Let the long battle for biosimilars in the cancer space begin.

Amgen has launched its Avastin and Herceptin copycats — licensed from the predecessors of Allergan — almost two years after the FDA had stamped its approval on Mvasi (bevacizumab-awwb) and three months after the Kanjinti OK (trastuzumab-anns). While the biotech had been fielding biosimilars in Europe, this marks their first foray in the US — and the first oncology biosimilars in the country.

Seer adds ex-FDA chief Mark Mc­Clel­lan to the board; Her­cules Cap­i­tal makes it of­fi­cial for new CEO Scott Bluestein

→ On the same day it announced a $17.5 million Series C, life sciences and health data company Seer unveiled that it had lured former FDA commissioner and ex-CMS administrator Mark McClellan on to its board. “Mark’s deep understanding of the health care ecosystem and visionary insights on policy reform will be crucial in informing our thinking as we work to bring our liquid biopsy and life sciences products to market,” said Seer chief and founder Omid Farokhzad in a statement.

Daniel O'Day

No­var­tis hands off 3 pre­clin­i­cal pro­grams to the an­tivi­ral R&D mas­ters at Gilead

Gilead CEO Daniel O’Day’s new task hunting up a CSO for the company isn’t stopping the industry’s dominant antiviral player from doing pipeline deals.

The big biotech today snapped up 3 preclinical antiviral programs from pharma giant Novartis, with drugs promising to treat human rhinovirus, influenza and herpes viruses. We don’t know what the upfront is, but the back end has $291 million in milestones baked in.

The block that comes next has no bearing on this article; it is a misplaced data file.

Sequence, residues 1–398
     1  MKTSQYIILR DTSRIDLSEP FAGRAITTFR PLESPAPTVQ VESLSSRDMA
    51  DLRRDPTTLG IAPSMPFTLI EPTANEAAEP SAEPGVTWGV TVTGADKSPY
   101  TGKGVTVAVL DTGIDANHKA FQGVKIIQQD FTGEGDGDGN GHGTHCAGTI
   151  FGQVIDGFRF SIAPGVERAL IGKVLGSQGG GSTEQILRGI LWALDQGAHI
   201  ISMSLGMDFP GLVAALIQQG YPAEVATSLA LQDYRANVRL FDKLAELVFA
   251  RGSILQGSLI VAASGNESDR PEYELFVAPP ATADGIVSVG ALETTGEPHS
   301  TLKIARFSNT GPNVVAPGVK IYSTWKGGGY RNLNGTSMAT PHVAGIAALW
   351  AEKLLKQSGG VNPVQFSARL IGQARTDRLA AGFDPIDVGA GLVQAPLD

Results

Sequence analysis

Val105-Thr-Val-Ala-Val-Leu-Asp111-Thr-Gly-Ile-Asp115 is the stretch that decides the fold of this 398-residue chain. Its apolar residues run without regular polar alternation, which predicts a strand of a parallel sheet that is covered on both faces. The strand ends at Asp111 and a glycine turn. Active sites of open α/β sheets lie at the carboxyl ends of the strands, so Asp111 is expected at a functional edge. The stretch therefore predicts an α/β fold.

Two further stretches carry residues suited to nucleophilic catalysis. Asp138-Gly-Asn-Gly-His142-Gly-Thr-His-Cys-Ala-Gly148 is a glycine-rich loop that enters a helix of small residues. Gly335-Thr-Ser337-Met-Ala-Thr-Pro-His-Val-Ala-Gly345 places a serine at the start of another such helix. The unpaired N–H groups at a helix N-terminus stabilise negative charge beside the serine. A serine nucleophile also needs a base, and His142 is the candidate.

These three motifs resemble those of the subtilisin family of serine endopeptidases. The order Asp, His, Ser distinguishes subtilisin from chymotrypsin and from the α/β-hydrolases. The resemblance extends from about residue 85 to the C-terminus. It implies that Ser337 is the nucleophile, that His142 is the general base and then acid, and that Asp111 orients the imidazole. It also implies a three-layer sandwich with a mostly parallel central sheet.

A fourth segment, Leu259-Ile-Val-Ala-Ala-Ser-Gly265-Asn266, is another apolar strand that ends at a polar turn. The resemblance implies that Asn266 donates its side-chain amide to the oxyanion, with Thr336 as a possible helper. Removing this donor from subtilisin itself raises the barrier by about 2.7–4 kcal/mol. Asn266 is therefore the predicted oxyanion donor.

Vas Narasimhan, AP Images

On a hot streak, No­var­tis ex­ecs run the odds on their two most im­por­tant PhI­II read­outs. Which is 0.01% more like­ly to suc­ceed?

Novartis CEO Vas Narasimhan is living in the sweet spot right now.

The numbers are running a bit better than expected, the pipeline — which he assembled as development chief — is performing and the stock popped more than 4% on Thursday as the executive team ran through their assessment of Q2 performance.

Year-to-date the stock is up 28%, so the investors will be beaming. Anyone looking for chinks in their armor — and there are plenty giving it a shot — right now focus on payer acceptance of their $2.1 million gene therapy Zolgensma, where it’s early days. And CAR-T continues to underperform, but Novartis doesn’t appear to be suffering from it.

So what could go wrong?

Actually, not much. But Tim Anderson at Wolfe pressed Narasimhan and his development chief John Tsai to pick which of two looming Phase III readouts with blockbuster implication had the better odds of success.

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Norbert Bischofberger. Kronos

Backed by some of the biggest names in biotech, Nor­bert Bischof­berg­er gets his megaround for plat­form tech out of MIT

A little over a year ago when I reported on Norbert Bischofberger’s jump from the CSO job at giant Gilead to a tiny upstart called Kronos, I noted that with his connections in biotech finance, that $18 million launch round he was starting off with could just as easily have been $100 million or more.